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3.3. Running Couplings

Grand Unified Theories point to such an explanation - a unified model from which one can derive the values and ratios of the coupling constants. In these unification schemes, the three Standard Model coupling constants derive from one unified coupling (which is still arbitrary at this level). The logarithmic running of coupling strength with energy, derived from renormalization theory, leads to the large ratio between unification scale and the proton mass. Although gravity is not included in these theories, the inferred unification scale (1016 GeV) is close to the Planck mass; the running couplings thus account for most of the ``largeness'' of the astrophysical Large Numbers.

Phenomenological coupling constants such as those we have been using (e.g., alpha) are not really constant but ``run'' or change with energy scale (Wilczek 1999). The vacuum is full of virtual particles which are polarized by the presence of a charge. An electrical charge (or a weak isospin charge) attracts like charges, which tend to screen its charge as measured from far away. At small distances there is less screening, so the charge appears bigger, so the effective coupling grows with energy. On the other hand a strong color charge attracts mostly virtual like-color charged gluons, so it is antiscreened and the coupling changes with the opposite sign - it gets weaker at high energy, and is said to display ``asymptotic freedom''. The freedom comes about from the antiscreening by gluons. (7)

The bookkeeping of how the constants change with the energy scale M of interactions is done by renormalization group calculations. These show that the running coupling constant of U(1), alpha1 = g12, obeys

Equation 9 (9)

where the sum is over the charges Qi of all fermions of mass less than M. The amount of charge screening by virtual particles increases if the vacuum contains more degrees of freedom that can be excited at a given energy. If all fermions in the Standard Model are included (and no more), the total sum on the right side is 14/3, yielding a slope of -14/9pi.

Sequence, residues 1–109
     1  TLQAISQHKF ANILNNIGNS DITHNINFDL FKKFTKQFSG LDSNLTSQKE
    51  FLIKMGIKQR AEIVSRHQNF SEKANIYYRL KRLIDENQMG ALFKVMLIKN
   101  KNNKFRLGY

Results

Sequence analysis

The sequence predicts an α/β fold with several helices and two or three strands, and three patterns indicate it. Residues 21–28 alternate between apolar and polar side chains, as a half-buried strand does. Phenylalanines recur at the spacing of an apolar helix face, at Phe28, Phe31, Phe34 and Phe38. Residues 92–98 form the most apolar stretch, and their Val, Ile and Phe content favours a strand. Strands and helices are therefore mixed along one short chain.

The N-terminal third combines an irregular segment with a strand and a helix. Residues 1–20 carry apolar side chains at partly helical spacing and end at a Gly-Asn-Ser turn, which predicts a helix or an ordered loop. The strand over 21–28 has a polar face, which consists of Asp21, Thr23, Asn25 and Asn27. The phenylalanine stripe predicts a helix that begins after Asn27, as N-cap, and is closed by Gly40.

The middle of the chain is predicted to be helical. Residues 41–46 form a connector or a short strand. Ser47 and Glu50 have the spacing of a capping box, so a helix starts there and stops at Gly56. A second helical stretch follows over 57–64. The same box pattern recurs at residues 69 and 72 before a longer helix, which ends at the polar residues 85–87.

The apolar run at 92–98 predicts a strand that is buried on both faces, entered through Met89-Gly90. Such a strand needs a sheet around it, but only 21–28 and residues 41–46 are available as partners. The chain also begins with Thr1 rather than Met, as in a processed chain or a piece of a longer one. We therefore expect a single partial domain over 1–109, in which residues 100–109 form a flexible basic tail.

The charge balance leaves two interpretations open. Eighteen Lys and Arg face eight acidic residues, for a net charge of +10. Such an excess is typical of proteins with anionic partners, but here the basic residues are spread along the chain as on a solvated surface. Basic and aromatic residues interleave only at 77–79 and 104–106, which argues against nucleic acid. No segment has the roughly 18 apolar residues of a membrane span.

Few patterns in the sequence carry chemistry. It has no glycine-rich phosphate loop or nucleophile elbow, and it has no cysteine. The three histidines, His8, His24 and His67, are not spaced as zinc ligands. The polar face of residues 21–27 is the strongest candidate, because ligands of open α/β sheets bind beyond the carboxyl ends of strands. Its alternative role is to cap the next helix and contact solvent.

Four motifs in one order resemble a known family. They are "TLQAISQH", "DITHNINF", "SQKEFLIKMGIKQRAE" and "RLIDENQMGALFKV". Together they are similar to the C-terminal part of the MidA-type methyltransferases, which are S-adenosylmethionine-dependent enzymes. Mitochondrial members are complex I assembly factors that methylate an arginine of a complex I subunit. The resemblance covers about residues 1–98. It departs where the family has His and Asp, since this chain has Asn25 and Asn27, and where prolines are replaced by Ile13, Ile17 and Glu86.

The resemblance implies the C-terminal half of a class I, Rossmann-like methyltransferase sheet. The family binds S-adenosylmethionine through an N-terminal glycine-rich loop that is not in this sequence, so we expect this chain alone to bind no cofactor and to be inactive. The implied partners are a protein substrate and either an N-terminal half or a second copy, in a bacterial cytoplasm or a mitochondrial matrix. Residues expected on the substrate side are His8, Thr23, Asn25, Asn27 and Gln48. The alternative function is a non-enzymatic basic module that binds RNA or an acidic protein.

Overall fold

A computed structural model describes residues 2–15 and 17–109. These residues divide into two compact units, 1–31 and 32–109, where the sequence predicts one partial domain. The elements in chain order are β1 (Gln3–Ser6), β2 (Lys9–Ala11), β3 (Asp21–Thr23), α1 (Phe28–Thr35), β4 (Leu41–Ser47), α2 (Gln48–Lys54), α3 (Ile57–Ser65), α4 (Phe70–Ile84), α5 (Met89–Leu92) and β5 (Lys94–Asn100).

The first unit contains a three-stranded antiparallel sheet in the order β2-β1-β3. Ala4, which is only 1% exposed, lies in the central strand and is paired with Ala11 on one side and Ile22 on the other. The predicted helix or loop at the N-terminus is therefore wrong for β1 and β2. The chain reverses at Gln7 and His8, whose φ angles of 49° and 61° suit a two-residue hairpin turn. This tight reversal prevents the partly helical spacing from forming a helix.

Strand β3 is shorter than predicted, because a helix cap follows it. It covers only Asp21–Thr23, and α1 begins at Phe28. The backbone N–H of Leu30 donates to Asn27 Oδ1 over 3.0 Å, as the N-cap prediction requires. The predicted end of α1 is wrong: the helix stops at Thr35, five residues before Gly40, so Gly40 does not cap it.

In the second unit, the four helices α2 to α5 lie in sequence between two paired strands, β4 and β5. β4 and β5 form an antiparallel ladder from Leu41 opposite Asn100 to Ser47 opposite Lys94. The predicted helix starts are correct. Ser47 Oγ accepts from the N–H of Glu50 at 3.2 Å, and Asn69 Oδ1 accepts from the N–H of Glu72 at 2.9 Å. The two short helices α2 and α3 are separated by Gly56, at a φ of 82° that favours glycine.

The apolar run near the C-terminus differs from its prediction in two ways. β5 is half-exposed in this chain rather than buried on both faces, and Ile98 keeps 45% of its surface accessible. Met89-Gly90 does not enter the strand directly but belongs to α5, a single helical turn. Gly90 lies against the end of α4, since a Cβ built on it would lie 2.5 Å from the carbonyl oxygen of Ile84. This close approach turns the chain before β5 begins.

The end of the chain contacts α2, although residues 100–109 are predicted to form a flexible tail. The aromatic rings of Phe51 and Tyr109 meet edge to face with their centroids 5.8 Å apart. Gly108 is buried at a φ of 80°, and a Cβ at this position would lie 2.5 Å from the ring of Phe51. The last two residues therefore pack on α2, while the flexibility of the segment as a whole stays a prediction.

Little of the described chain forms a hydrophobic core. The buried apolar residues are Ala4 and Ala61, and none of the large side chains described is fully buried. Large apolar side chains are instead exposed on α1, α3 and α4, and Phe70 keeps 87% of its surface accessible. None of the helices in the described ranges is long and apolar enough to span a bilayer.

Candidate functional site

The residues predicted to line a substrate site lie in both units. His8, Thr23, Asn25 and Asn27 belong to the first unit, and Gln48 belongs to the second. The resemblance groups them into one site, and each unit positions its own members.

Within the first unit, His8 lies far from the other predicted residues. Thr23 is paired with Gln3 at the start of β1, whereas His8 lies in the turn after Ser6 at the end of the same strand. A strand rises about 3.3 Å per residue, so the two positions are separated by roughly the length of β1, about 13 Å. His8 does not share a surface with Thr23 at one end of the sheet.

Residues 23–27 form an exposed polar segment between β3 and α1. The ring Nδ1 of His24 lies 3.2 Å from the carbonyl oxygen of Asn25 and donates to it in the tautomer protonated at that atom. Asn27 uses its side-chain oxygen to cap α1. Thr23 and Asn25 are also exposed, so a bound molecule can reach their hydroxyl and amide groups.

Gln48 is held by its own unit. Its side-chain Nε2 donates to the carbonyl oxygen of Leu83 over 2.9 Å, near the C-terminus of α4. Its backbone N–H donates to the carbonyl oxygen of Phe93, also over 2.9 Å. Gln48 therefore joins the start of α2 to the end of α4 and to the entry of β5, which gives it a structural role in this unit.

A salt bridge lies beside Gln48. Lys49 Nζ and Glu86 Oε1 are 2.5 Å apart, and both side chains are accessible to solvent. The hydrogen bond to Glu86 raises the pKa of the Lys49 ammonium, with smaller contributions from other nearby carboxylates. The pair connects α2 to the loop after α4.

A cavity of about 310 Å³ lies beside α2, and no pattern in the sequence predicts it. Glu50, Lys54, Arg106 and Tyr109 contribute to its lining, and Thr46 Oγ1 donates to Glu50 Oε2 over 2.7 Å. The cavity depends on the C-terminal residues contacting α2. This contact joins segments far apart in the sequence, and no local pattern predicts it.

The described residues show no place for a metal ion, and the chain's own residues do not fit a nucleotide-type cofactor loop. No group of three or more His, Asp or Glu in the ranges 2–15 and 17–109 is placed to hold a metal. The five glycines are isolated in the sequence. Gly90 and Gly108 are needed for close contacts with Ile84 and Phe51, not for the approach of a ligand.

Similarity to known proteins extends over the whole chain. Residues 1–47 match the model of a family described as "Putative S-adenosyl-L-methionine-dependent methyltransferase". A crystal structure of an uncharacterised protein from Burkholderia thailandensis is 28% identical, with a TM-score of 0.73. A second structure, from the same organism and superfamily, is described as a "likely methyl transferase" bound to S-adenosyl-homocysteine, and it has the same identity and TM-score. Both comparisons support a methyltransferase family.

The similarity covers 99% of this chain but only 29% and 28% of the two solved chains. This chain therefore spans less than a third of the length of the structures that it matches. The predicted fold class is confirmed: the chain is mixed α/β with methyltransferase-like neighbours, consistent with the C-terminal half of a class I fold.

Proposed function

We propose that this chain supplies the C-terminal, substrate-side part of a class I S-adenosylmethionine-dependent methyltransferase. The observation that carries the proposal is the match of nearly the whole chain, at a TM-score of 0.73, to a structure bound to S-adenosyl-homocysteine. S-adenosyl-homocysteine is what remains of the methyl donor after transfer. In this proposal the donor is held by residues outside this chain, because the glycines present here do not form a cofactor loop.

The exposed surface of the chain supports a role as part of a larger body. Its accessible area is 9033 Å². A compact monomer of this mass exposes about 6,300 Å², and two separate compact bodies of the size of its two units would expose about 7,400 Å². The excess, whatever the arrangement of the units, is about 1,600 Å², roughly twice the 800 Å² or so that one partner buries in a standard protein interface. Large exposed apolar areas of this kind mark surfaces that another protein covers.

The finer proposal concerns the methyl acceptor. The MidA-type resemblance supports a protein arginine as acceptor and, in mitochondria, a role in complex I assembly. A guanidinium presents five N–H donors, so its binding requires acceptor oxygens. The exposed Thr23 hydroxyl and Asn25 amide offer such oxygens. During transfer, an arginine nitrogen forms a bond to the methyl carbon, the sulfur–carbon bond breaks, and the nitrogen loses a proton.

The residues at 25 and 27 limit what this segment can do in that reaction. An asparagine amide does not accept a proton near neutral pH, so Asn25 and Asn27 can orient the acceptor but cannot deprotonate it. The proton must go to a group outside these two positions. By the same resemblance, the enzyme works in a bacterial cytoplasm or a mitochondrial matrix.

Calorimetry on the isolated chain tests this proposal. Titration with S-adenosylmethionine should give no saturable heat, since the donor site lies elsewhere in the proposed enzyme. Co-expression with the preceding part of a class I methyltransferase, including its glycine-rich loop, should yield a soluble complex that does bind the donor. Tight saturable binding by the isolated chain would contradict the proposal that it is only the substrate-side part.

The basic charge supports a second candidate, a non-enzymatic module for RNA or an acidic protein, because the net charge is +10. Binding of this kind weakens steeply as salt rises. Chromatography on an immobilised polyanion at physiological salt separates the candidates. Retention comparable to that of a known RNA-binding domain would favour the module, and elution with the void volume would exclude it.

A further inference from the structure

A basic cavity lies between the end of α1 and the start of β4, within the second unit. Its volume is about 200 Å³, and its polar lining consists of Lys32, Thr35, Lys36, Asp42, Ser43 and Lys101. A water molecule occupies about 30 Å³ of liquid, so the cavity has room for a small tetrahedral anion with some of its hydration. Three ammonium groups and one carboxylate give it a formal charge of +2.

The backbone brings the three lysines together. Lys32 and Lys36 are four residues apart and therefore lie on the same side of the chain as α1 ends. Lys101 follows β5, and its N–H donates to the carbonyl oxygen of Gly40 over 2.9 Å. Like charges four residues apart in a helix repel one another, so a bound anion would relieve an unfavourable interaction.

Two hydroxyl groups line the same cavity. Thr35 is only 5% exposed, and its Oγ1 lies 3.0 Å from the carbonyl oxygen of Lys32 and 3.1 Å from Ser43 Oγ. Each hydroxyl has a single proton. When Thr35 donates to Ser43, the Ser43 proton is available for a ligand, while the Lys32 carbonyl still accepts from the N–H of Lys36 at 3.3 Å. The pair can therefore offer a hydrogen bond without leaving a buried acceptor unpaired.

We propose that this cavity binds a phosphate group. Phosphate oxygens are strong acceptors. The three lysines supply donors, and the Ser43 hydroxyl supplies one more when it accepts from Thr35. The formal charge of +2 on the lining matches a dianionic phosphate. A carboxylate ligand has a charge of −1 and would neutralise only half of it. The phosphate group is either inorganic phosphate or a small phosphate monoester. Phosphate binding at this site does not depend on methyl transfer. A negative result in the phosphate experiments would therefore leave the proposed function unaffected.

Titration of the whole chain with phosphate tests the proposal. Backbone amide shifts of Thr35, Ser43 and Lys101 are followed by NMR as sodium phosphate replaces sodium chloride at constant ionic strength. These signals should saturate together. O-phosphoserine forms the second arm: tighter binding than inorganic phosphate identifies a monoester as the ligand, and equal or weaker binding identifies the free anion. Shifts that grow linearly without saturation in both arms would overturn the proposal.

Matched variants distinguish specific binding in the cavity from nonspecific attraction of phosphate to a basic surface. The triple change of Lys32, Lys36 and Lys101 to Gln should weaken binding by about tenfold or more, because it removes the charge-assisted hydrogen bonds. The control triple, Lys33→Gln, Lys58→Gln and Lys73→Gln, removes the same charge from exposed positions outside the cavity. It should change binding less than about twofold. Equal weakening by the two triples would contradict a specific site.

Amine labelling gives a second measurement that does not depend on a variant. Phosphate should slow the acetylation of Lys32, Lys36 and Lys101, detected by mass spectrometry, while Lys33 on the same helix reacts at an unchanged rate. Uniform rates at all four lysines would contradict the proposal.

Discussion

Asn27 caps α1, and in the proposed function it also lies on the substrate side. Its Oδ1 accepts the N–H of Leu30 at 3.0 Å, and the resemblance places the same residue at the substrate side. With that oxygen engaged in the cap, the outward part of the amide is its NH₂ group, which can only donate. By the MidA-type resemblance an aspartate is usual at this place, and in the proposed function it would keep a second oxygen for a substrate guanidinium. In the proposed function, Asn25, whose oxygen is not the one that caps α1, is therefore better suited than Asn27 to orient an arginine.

For SU(3), there is again a screening term depending on the number of color-charged fermions, but there is also an antiscreening term from the (known number of) gluons,

Equation 10 (10)

where nf is the number of quark flavors of mass less than M. The factor of 11 from gluons dominates if the number of quark flavors is not too large, giving asymptotic freedom. In the Standard Model, nf = 6, yielding a slope of + 7/4pi.

The running of couplings depends on the particle degrees of freedom at each energy scale, that is, counting virtual particles with rest mass below that energy. Thus in reality the slopes change with energy scale and with the addition of new species, if there are any.

It has been known for over 20 years that the gauge groups of the Standard Model fit nicely into larger groups of certain Grand Unified Theories (GUTs), the simplest ones being SU(5) and SO(10). The coupling constants of SU(3), SU(2), U(1) all approach each other logarithmically, merging at the GUT scale, about 1016 GeV. In recent years measurements of the couplings near mZ have steadily improved and for some GUTs (such as minimal SU(5)) the three couplings no longer meet at a point; however, the agreement survives impressively well in supersymmetric models (Langacker and Polonsky 1994), or in models such as SO(10). There is thus some reason to believe that these models work up to the large scale of unification, which is already close to the Planck mass.

7 The reason for the difference is related to the zero point energies being opposite for fermion and boson modes, which also enters into considerations about their cancelling contributions to the cosmological constant in supersymmetric vacua. Back.

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